A wide cross section of local experts discussed drug abuse, perception and what can be done about it at the end of the PEICES 2012 Drug Summit.
A panel consisting of drug treatment staffers, law enforcement officials, social workers and more answered questions and discussed how people perceive drugs in our society and what efforts have been made to combat drug addiction.
Among those on the panel were law enforcement officers Dennis Brown, Patrolman Mark Dickerson and J. Sheppard from the Logan Sheriff’s Department and Logan Police Department; Logan Prosecuting Attorney John Bennett; John Mays of Logan Mingo Mental Health, Futures Director Sharon Bevins, Logan Day Report Center Director Michelle Akers, Community Activist Rev. Mike Pollard; and social workers and educators including Denny Large, Rachell Ball, Jeannie Curry and Josh Murphy.
The panel was moderated by WVOW News Director Jay Nunley who admitted that there is not a lot the media can do about Drug Abuse and prevention other than “hold up a mirror to society.”
Pollard said that in the celebrity driven world of the 21st century many famous people seem to be glamorized because they abuse drugs, pointing to Charlie Sheen, Lindsey Lohann and Amy Winehouse. Mays voiced that many of the common ads for alcohol were ironic as they urged people to use a substance recreationally then had tag lines at the end about drinking responsibly.
One of the social workers on the panel said it was important to remember that most people begin to experiment with drugs or alcohol at the age of 11. Another noted that in the past Child Protective Services workers had the option of placing children with grandparents but that sometimes is no longer an option.
“What we are encountering more and more of grandparents who are using or abusing drugs or alcohol too,” she explained, noting that the CPS system and the Foster Care system were pressed past their limits currently.
Bennett said that one of the biggest problems facing Logan County is the shortage of police officers to work on drug cases.
“What you often find is an officer will work all night, then he has to show up in court the next morning to testify,” Bennett said. “Then he has to go back out and work that evening. Most of the officers we have are hardworking, but they are vastly overworked. It is not uncommon for them to try and work a drug case, but get called out to handle two or three more cases…They do the best they can to keep up.”
One of the police officers on the panel said it is not uncommon for there to be only one or two officers working in the evening shifts.
One of the journalists on the panel remarked that most law enforcement agencies in Logan County appear to be staffed with a skeleton crew compared to the same sort of agencies in nearby Kentucky and Ohio.
“You have less than 50 cops in the entire county,” he said. “You have three magistrates. You have two judges. You have a handful of prosecuting attorneys. Yet you have over 5,000 criminal cases a year in Logan County. You do the math.”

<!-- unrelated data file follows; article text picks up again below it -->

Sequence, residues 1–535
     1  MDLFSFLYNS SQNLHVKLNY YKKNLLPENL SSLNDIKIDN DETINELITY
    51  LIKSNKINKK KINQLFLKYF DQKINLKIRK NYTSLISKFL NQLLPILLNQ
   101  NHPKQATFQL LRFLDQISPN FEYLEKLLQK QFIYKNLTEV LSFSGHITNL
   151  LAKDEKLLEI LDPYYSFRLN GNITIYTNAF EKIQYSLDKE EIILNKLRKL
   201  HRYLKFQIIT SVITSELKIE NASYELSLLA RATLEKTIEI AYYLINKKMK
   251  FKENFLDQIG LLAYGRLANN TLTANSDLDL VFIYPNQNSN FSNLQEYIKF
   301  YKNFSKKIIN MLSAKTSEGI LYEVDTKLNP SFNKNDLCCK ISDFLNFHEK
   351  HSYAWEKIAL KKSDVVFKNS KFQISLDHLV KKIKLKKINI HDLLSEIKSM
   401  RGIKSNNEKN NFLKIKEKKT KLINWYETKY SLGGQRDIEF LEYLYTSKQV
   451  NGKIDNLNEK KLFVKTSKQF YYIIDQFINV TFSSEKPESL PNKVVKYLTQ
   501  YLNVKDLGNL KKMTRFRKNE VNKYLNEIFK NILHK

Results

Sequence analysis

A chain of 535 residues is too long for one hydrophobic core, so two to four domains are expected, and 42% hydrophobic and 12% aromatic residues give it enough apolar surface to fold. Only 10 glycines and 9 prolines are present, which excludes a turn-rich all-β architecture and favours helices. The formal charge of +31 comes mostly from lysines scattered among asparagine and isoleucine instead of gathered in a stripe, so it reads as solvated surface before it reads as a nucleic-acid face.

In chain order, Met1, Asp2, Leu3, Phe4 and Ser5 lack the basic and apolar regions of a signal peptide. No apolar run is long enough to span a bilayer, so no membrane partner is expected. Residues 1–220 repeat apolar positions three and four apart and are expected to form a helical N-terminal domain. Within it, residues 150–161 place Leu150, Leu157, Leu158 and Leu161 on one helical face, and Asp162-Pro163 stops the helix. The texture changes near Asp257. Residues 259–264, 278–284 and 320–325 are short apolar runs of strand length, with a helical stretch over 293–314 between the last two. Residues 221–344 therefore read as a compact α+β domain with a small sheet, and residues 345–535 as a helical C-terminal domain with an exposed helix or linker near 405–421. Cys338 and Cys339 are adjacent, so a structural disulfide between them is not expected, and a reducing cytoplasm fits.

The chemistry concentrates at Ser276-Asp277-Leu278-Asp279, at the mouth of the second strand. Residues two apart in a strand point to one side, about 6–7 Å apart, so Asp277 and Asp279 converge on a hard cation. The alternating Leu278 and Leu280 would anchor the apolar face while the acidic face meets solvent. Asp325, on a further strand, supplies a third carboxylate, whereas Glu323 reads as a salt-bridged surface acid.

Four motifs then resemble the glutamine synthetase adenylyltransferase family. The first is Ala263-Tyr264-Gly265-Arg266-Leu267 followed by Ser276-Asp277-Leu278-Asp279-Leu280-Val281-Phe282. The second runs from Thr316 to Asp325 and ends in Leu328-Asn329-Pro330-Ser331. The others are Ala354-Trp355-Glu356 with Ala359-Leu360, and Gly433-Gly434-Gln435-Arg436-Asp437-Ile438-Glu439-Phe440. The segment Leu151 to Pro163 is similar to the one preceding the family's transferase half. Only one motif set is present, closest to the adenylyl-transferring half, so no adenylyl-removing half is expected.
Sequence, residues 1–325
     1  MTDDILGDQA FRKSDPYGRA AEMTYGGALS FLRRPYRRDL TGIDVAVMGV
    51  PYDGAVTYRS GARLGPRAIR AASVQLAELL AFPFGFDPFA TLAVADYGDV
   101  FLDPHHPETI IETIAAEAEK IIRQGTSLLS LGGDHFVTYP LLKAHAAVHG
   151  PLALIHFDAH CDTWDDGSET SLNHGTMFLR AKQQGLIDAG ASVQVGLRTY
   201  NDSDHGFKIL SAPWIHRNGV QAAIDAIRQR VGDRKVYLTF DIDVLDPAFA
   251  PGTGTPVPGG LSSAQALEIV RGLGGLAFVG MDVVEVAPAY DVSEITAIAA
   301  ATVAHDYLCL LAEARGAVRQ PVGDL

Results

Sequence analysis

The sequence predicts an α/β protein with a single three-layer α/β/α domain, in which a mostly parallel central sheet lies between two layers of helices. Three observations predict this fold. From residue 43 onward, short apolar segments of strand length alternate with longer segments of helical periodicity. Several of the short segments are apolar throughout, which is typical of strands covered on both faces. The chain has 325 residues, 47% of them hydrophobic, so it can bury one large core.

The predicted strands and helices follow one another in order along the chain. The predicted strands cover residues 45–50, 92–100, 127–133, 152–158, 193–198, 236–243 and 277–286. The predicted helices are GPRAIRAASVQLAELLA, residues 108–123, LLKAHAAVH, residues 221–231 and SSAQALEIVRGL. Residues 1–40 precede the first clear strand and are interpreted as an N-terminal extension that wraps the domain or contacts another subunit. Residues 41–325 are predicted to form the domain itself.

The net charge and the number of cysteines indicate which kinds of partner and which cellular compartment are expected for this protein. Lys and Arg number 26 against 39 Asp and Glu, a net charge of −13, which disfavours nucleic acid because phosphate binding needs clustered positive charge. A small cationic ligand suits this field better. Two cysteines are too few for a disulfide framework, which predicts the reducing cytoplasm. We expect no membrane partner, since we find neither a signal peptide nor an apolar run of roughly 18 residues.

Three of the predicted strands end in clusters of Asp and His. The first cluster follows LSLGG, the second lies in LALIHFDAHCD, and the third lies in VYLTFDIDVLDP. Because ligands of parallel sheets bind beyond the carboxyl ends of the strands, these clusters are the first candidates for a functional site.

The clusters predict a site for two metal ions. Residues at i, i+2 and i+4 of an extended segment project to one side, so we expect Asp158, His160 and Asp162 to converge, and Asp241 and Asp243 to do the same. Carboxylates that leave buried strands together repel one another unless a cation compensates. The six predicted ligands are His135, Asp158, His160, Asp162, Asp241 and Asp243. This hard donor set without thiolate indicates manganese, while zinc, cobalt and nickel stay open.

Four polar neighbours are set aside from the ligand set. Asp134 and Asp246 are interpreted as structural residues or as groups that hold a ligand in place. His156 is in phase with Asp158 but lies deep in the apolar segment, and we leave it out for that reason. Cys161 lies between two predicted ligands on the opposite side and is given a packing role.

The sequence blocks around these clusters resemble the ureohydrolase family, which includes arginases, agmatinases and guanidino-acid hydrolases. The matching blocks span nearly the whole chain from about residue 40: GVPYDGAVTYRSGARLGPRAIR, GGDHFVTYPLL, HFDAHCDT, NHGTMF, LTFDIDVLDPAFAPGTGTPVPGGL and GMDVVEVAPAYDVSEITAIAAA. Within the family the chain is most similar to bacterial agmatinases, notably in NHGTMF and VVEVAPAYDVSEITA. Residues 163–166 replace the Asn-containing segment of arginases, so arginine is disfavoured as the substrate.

One of the officers admitted his agency currently has seven officers. (Ironically, decades ago, that same department had more than twice that number of officers). A third officer said it could be difficult to find qualified applicants for police jobs who would work for the typical low pay and benefits most agencies offered compared to other jobs in the area. He pointed out that some men had to pay $300 a month for insurance for themselves and their family members.
Bennett admitted there seemed to be a problem in the state with allocating funds for law enforcement, drug treatment and incarceration facilities.
“We literally have hundreds of addicts in Logan County,” Bennett said. “But FUTURES, which is a great facility, only has nine spots for men available. And there are no spots available for women.”
Bennett said the Southwestern Regional Jail is routinely overcrowded.
“You can take $200 million dollars and build a prison, or you could take that money and build more treatment centers across the state,” Bennett said. “But that is not a concept that is popular with voters.”
Bennett noted that in a 20 year time period there were around 5,000 addicts transported to Huntington and other places on mental hygiene warrants- which often took officers off duty for an entire shift. Lt. Dennis Brown said it would be a better idea to have security firms provide transportation on mental hygiene warrants to avoid taking a deputy off the road for hours on end.
Michelle Akers said that her facility does many drug screens on a daily basis and that in Logan County the two most popular types of drugs to be abused are opoid pain pills like Oxycontin and Lortab, and nerve pills like Xanax.
“Prescription drug abuse affects everybody in our county,” she said, noting that pill abusers can be found in all age groups, from all walks of life and in all social circles. Akers said she felt many doctors over prescribe powerful narcotic pain medication which is addictive for minor complaints.
“A lot of people in our community did not start out using recreational drugs. A lot of the addicts we see did not start out abusing prescription drugs to get high. But they got addicted to them because they were using too many of them for pain.”
Akers said she felt many doctors needed more awareness for the potential of drug addiction among their patients.
“And on the street, the addicts know that if Doctor Smith won’t write them a prescription for Oxycontin, Doctor Jones will,” she noted.
Brown noted that at the summit there were many representatives of drug treatment facilities, social work agencies and law enforcement, but a suspicious lack of doctors.
One of the social workers said the pain pill epidemic had taxed the resources of both social work agencies and foster care facilities.
Some 84 people attended the summit, said Family Resource Network Coordinator Shannon Meade.